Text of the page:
Is it "Ok" to fail a student?

In the late 70's and early 80's, a movement in parenting and education started which was unofficially called the "Self-Esteem" movement. Basically, the philosophy of this was that in order to be successful at learning, we need to shelter kids from failure in order to boost their self-esteem and make them feel better about themselves, for if we told students they were "not good enough" they would, shut down, tune out, and turn into at-risk kids. Feeling good about oneself, it was argued, was the most important pre-existing condition as a learner, and if we didn't preserve that, we'd turn kids off of learning forever.

This wasn't validated by research. It was basically an opinion that got traction without any data or evidence, but notable figures in education were quick to spew support for this fad as it portrayed them as caring, loving educators. Some notables:

"Self-esteem is more important than test scores," said Mitchell, who became Loren Miller's principal this year. "If we're interested in raising lifelong learners, it's important that . . . we also address the emotional and social sides of children.“
-Principal Loren Miller

"When they don't excel, we say they have potential," Vail said. "You don't cast them out and say, 'You're not good or irresponsible or lazy.' You say, 'You didn't make it this time. Here is the mark we want you to hit and we're going to help you hit it.'
-Principal Michael Vail

Of course when some authority figure says this, people are told to listen. No one knows better about education than the principal, right? Why would we dare question their opinion?

Opinion is not fact. However, it's often claims to be the same. "The World is Flat." "Santa Clause is real." Both opinions that metasized as facts to the gullible, the uneducated and the desperate.
I'm reading a fantastic book right now called "The Self-Esteem Trap-Raising Confident and Compassionate Kids in an Age of Self-Importance" by Polly Young-Eisendrath. She has shown how years of tracking generation X and Y generation kids have produced kids that are lethargic, apathatic, and entitled. The backlash she says is that by shielding kids from failure, we don't teach them how to adapt to it when they finally confront it. By allowing kids to retake tests, make-up projects and raise their grade accordingly, we have created a system where kids don't have to try hard because they'll get a third, fourth and fifth chance. Is that what real life is like?

I think if we're going to raise generations of motivated, autonomous learners, we can't let them play the system. "Yes, Johnny bombed his last test and while I will make every effort to reteach him the material, I will not raise his test score, because at the time the assessment was given, that was the level of his understanding." I've said lines this verbatim to some parents this year and they were shocked that I wouldn't "give" him a better grade. Grades are earned, not given. To this I have answered back "He did very poorly, but let this lesson of failure help him prepare better in the future by taking better notes, reflecting on his learning, asking questions and coming in for help." This, I argued, is was truely raises self-esteem. Want kids to feel better about themselves? Teach them how to do something for themselves. Don't candy-coat their failures.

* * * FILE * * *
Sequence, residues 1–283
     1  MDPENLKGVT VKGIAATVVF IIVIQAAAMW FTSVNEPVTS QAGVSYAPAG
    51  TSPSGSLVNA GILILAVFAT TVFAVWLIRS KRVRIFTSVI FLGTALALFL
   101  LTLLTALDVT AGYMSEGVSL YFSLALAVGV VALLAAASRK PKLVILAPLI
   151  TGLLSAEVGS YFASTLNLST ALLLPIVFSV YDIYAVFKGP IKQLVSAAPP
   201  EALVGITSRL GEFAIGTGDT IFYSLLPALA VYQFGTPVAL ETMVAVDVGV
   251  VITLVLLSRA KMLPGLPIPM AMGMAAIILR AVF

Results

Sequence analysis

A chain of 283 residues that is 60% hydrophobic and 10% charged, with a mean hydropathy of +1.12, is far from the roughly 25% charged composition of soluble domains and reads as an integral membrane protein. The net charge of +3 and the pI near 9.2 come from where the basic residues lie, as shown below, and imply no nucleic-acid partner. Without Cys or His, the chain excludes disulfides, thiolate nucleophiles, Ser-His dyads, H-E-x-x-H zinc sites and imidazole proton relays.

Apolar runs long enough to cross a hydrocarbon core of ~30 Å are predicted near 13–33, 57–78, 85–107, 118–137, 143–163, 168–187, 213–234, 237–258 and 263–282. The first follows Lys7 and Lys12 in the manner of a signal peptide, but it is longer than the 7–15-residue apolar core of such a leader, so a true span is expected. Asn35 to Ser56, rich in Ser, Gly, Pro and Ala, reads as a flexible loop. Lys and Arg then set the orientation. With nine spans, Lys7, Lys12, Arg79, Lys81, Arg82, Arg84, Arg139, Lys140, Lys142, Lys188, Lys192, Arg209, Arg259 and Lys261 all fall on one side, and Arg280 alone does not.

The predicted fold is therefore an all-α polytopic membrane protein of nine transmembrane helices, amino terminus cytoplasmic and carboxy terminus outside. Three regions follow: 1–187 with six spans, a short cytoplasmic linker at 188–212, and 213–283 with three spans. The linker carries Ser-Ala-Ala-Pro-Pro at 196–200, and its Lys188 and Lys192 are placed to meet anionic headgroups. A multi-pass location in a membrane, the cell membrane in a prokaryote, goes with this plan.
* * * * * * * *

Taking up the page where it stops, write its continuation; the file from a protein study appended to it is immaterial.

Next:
“Assessments need to be accurate and honest; not inflated”-Tom Schimmer. If that means failing a student to help them overcome adversity, so be it. I've known teachers in the past to arbitrarily change grades right before report cards because they'll say "Janie got an "F" but she seems to have improved, so I'll pull it up to a C-". Janie will then learn that that C- doesn't really mean anything because it's inflated and not indicative of her academic abilities. What will happen to her when she goes to high school and college where grades are cumulative? What happens when she tastes failure in the real-world?

Let them fail now. Let them know what rock bottom feels like, because the only place they can go its up. Especially in middle school where grade point averaging resets every semester. Last semester, I had 10 students get an "F" on their major assessment of the semester. Did they shut down? Of course not! I retaught them the material, but didn't allow them the retest as I wanted them to learn the importance of reviewing, asking for help, etc. By the end of the semester, the number of students who were failing dropped from 10 to 2, and the 2 failing students still did make notable progress with their student skills.

“Having high self-esteem certainly feels good, psychologists say. But, contrary to intuition, it doesn't necessarily pay off in greater academic achievement, less drug abuse, less crime or much of anything else. Or, if it does pay off, 10,000 or more research studies have yet to find proof. “
-Fathers for Life

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